I also actually liked the love triangle of sorts. In this context, in worked, as Poppy is in love with her best friend Michael, yet also has a bit of a fling with burger van vendor Tariq. I kind of liked the fact that she did that because really she was trying to get over Michael and move on because he had a girlfriend and Poppy wanted to try and preserve their friendship. But I liked that Michael wasn't really sure about what he wanted, either, and it was sort of complicated and not a really straight forward situation.

Personally, my main problem with Dead Jealous was the ending, as it all was just wrapped up so absolutely neatly that I was a bit suspicious. The build-up and the climax were awesome, don't get me wrong. It was really tense and a bit scary and I didn't clock on to who the killer actually was until, like, literally just before it was revealed and it was not at all who I expected it to be. It was all action and excitement and things went wrong, but then the ending just fell a bit flat for after that. I kind of hoped that there would just be, well, more, I guess.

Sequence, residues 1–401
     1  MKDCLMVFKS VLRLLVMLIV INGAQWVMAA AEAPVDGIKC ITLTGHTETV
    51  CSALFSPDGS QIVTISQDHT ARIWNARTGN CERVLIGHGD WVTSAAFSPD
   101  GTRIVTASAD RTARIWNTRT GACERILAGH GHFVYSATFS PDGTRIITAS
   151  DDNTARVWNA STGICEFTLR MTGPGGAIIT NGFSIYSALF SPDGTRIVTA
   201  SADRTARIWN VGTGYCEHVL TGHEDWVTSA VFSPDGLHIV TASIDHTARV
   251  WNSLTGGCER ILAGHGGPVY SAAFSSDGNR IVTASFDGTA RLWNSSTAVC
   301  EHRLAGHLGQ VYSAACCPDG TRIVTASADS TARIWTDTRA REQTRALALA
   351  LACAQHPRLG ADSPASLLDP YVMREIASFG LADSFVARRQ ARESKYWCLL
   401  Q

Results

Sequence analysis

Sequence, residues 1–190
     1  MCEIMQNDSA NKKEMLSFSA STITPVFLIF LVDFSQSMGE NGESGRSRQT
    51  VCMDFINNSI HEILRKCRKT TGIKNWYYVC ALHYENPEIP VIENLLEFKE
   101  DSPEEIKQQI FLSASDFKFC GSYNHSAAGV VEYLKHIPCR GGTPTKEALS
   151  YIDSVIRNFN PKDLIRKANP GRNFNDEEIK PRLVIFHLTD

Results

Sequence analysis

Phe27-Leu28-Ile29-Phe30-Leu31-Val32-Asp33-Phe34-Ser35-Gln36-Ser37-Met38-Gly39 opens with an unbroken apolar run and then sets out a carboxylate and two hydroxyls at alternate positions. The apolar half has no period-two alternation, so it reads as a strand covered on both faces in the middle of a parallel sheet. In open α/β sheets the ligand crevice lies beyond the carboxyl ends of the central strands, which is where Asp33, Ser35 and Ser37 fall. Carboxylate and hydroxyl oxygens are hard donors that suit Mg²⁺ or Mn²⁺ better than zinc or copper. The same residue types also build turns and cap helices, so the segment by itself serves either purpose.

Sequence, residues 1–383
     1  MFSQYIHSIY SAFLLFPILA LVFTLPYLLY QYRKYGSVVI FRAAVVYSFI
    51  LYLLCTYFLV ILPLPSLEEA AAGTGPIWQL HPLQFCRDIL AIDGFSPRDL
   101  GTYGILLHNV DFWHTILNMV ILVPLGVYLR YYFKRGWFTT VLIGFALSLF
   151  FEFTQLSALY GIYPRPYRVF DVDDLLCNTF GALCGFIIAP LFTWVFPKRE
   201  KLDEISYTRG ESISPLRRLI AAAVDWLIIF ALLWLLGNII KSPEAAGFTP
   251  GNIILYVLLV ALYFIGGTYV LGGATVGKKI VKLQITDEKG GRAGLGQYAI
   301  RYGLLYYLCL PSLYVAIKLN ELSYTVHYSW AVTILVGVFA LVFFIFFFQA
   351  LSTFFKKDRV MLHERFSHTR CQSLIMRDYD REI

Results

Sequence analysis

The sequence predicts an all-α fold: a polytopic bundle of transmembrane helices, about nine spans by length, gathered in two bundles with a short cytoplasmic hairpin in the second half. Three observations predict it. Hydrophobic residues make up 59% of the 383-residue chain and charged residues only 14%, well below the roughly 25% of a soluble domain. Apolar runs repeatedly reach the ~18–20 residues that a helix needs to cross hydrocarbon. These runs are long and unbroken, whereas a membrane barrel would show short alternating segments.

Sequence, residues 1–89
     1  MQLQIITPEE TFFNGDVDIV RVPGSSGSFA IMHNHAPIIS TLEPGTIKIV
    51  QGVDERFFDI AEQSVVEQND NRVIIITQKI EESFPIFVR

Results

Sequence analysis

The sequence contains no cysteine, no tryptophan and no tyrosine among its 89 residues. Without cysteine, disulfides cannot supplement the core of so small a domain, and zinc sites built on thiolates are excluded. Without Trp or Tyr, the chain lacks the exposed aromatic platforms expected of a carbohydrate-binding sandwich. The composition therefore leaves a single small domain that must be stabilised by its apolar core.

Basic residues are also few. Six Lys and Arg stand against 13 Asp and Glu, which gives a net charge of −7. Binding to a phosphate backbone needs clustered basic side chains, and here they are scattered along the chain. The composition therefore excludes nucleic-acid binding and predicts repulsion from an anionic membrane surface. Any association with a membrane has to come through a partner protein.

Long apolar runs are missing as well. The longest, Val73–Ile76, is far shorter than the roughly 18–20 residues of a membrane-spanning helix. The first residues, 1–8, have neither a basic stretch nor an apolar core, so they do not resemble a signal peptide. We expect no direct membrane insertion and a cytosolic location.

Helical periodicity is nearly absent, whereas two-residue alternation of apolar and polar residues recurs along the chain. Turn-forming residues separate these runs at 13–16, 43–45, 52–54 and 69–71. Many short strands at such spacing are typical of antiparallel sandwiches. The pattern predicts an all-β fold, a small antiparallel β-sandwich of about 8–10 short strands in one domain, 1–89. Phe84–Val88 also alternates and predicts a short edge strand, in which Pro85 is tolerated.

I did really like Poppy a lot, though. She was tough and curious and a bit snarky like all good teen detectives should be, but she's also in a lot of emotional turmoil because of the situation with Michael and Tariq and also because a girl she met one night at a Pagan festival wound up dead - murdered, no less - the next morning whose situation had been similar to Poppy and Michael's. Also, she nearly died a year before the book is set and she's dealing with her parents divorce and her mother's remarriage. So. That's a lot of stuff for her to be dealing with, let alone the whole testing of her resolute, scientific beliefs. I am really excited about getting to read more books about her.

Dead Jealous was a fun sort of mystery/paranormal book that I really enjoyed (really, I'm loving all of these British teen detective books. I would like MORE.) and I would recommend it to anyone who liked books like the Body Finder series or Unspoken and are looking for something to fill the void.